A two-dimensional code for solving equations of convective heat transfer in porous media is used to analyze heat transfer by conduction and convection in the attic insulation configuration. The particular cases treated correspond to loose-fill fiberglass insulation, which is characterized by high porosity and air permeability. The effects of natural convection on the thermal performance of the insulation are analyzed for various densities, permeabilities, and thicknesses of insulation. With convection increasing the total heat transfer through the insulation, the thermal resistance was found to decrease as the temperature difference across the insulating material increases. The predicted results for the thermal resistance are compared with data obtained in the large-scale climate simulator at the Roof Research Center using the attic test module, where the same phenomenon has already been observed. The way the wood joists within the insulation influence the start of convection is studied for differing thermophysical and dynamic properties of the insulating material. The presence of wood joists induces convection at a lower temperature difference.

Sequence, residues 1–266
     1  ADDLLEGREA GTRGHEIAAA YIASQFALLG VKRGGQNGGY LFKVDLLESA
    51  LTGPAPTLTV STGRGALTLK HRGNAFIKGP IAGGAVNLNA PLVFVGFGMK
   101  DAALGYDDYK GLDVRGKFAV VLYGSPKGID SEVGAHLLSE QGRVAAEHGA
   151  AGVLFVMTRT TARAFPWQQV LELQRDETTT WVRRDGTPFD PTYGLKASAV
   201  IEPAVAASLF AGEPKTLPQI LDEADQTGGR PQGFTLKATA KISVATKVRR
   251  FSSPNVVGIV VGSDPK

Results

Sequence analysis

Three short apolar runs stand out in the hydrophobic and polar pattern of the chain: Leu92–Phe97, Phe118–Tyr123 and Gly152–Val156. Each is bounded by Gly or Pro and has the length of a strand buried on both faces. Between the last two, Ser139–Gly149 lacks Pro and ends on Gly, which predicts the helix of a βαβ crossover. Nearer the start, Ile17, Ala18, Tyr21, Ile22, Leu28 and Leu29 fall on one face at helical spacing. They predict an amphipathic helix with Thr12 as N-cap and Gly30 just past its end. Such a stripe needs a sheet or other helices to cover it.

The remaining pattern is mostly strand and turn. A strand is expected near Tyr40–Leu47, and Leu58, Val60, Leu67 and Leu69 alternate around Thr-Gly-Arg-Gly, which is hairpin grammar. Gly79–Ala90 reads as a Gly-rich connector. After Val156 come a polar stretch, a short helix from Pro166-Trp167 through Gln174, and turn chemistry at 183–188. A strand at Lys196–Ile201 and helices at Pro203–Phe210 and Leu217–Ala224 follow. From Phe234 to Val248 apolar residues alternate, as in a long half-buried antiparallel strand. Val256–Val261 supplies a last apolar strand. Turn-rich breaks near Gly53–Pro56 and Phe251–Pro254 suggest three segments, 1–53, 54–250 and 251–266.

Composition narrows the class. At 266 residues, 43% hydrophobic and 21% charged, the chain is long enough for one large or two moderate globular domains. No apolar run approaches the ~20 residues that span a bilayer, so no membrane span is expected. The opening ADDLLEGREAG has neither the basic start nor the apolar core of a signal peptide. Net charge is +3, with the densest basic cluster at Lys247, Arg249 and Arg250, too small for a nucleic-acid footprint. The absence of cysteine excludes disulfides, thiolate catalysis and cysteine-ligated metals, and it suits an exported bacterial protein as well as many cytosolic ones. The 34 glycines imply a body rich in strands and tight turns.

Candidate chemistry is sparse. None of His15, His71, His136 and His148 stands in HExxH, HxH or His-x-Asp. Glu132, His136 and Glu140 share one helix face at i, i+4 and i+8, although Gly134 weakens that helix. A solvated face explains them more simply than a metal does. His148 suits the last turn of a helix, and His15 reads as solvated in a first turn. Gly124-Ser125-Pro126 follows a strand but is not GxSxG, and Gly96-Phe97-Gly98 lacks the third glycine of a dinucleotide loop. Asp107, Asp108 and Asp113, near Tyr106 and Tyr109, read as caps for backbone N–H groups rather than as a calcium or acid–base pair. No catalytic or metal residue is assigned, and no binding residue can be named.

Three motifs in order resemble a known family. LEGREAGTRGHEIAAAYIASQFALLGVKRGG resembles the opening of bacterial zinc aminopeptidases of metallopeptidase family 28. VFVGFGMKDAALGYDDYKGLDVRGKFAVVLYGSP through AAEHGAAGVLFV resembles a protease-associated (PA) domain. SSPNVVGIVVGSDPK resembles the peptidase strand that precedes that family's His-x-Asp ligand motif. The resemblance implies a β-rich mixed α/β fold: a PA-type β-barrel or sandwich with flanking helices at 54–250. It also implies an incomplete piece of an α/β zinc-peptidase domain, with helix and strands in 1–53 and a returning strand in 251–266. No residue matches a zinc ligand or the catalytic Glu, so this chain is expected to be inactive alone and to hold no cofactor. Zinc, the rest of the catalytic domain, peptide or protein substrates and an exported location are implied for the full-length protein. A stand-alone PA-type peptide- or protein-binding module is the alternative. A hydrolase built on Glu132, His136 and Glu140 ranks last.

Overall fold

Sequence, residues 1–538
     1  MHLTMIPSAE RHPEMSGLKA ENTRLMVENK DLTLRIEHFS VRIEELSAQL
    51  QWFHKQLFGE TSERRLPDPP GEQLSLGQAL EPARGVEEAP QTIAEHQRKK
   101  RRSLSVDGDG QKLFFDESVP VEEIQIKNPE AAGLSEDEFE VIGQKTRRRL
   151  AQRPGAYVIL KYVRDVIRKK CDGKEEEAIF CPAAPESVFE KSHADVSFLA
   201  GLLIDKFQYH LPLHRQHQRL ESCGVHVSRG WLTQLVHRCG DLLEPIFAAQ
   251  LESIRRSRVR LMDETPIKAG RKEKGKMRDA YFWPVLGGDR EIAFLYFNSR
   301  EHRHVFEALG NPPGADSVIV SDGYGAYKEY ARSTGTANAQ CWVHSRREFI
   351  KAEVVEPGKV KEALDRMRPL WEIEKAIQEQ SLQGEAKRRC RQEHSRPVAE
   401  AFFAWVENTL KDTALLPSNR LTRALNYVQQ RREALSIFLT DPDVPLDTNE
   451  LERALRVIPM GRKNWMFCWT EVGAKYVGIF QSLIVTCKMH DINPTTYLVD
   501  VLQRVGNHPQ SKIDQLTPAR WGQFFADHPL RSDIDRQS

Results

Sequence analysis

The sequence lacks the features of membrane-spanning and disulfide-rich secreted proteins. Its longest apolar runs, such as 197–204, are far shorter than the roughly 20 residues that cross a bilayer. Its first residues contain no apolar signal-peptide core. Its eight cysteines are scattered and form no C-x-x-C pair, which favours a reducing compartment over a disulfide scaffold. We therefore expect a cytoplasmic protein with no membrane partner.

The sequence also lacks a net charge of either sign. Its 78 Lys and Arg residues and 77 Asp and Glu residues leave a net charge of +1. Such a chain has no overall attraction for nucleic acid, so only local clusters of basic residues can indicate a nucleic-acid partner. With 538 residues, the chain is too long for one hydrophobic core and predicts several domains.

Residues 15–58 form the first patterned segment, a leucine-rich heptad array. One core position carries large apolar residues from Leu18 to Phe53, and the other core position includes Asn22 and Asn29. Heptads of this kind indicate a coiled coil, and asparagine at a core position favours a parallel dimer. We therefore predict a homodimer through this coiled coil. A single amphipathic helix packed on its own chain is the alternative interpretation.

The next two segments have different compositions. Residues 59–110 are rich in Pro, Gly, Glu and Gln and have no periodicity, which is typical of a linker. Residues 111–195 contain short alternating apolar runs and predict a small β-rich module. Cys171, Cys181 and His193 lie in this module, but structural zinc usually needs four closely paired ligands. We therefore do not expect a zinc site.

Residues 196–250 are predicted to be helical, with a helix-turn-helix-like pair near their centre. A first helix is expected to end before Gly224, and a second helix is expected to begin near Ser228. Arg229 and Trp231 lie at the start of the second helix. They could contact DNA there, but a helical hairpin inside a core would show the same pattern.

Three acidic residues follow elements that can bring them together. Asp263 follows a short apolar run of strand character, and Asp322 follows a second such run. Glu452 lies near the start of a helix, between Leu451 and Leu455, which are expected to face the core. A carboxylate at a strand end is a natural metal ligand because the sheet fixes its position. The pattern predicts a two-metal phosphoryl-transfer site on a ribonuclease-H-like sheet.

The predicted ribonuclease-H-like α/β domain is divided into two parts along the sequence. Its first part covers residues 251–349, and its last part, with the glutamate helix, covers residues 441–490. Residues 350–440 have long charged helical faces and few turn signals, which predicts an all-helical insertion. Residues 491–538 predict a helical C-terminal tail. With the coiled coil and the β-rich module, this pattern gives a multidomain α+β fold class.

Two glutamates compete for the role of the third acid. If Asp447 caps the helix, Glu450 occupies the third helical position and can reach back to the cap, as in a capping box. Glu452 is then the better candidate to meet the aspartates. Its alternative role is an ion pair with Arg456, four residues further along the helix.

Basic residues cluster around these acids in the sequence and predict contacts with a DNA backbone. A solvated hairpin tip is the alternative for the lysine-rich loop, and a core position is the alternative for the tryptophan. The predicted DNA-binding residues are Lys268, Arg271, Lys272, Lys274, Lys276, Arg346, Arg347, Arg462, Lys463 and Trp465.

Intraplate volcanism due to convective instability of stagnant slabs in the mantle transition zone
NASA Astrophysics Data System (ADS)
Ballmer, M. D.; Motoki, M.
2015-12-01